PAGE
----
clock menu more-arrow no yes

Filed under:

Brazil v. Argentina’s suspended match was BONKERS, and two Tottenham players were caught in the middle

A World Cup qualifier was just postponed because four Premier League players weren’t supposed to be there.

Brazil v Argentina - FIFA World Cup 2022 Qatar Qualifier Photo by Alexandre Schneider/Getty Images

This article has been updated from its original version to provide clarification over Tottenham’s position on the players leaving for international duty, further context on Brazilian health officials’ decision to halt the match, and an update on when the Spurs players may return to the UK. (09.06.21)

Sunday’s World Cup qualification match between Brazil and Argentina was called off after Brazilian health officials rushed onto the field to halt play six minutes after the match had kicked off. The reason for this unprecedented action centers around four Argentina players who reside in the United Kingdom and play football in the Premier League, including Tottenham Hotspur’s Cuti Romero and Giovani Lo Celso, both of whom started the match.

But although they were the catalyst for everything that happened today, this story is not REALLY about them, either. The actions that led up to today’s absolutely bonkers scenes in Sao Paulo are rather difficult to unpack, and involve COVID-19 protocols, two South American football federations, politics, and whole TON of bad blood.

I don’t know if I can do this justice, but damn the torpedoes — let’s try and unpack this, explainer-style. Some of this info is culled from this incredible timeline of events on Twitter by EIF Sports, which you should probably also read if you want the TL;DR version of what’s below.


So what the heck just happened?

In short, chaos. Six minutes after kick-off of the match between Brazil and Argentina, Brazilian health officials from Anvisa, the federal organization tasked with, among other things setting and enforcing COVID-19 protocols, rushed onto the field of play to halt the match. They did this because Argentina had brought along four Premier League players based in the United Kingdom — Tottenham’s Romero and Lo Celso, along with Aston Villa’s Emiliano Martinez and Emiliano Buendia — in apparent violation of Brazil’s COVID-19 travel restrictions.

The match was eventually called off.

Sooooo.... the four players weren’t supposed to be there?

Well, no. But this is where it starts to get complicated.

So in order to understand it, you need to know a couple of pieces of background information. First of all, it’s helpful context to know about the UK’s “stoplight” system for COVID travel. Very briefly, for countries that are on the “red list,” used to designate countries where COVID-19 infections are running rampant and unchecked, any visitors who are returning to the UK are required by UK law to isolate for ten days in a government-issued hotel and then pass a COVID test before they are allowed to enter. Restrictions are less onerous for amber or green listed countries. Different countries have different statues in place for COVID travel restrictions, which is part of why this is so complicated.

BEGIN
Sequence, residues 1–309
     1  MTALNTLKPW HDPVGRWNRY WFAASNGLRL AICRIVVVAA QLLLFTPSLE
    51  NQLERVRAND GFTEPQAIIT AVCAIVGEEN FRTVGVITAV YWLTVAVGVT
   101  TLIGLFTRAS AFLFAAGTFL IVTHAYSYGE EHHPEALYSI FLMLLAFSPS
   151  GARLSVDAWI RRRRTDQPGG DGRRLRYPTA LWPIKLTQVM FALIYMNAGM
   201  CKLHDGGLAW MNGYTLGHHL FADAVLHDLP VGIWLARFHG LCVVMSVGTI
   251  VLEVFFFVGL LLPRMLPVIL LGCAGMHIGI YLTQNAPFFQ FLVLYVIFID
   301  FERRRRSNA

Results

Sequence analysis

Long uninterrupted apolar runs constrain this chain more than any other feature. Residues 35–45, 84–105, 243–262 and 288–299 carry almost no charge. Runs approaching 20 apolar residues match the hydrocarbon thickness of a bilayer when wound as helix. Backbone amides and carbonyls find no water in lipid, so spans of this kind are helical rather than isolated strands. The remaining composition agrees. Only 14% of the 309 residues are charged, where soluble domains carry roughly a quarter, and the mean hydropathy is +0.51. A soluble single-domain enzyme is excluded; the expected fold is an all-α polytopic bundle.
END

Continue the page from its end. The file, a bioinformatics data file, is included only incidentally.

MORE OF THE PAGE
Secondly, because a number of South American countries — rightly or wrongly — are “red-list” countries in the UK, the Premier League and all 20 clubs came to an agreement that the league would not let ANY Premier League footballers who were set to play international matches in these countries report for international duty, since the quarantines and the risk to the players outweighed the benefits. Were they to stay and play in all three qualifiers during the break, they would potentially miss as many as three club matches, and possibly more since they wouldn’t be able to train while in UK isolation upon their return.

This didn’t go over well with the South American football federation (CONMEBOL), nor with FIFA and notably the Argentinian football association (AFA), who put enormous amounts of pressure on the clubs to release CONMEBOL players for these important qualifiers.

So how did these four end up reporting?

The players decided to go anyway. Romero, Lo Celso, Martinez, and Buendia made a deal with the AFA that they would report for Argentina duty, but only play in two of the three scheduled games — at Venezuela, and at Brazil. They would skip the third match — home to Bolivia — and instead of returning to the UK, they’d travel to Croatia for ten days (along with Tottenham’s Colombian defender Davinson Sanchez, who had a similar deal).

Aston Villa had a direct role in negotiating this Croatia plan with the AFA, and it was assumed that Spurs did as well, but it was recently revealed that Lo Celso and Romero both reported without permission, and Tottenham are expected to fine them when they return to the UK, whenever that is.

Wait, why Croatia?!

Because Croatia is a green-listed country in the UK. If they were to return straight to the UK they’d be stuck in a hotel room for a week and a half — no training, no nothing. But if they go to Croatia, the five of them could stay in quarantine away from everyone else but still train together, so they wouldn’t be so far behind in their match fitness when they do get back to the UK. And because Croatia is green-listed, they wouldn’t need to isolate or quarantine when reporting back to their clubs.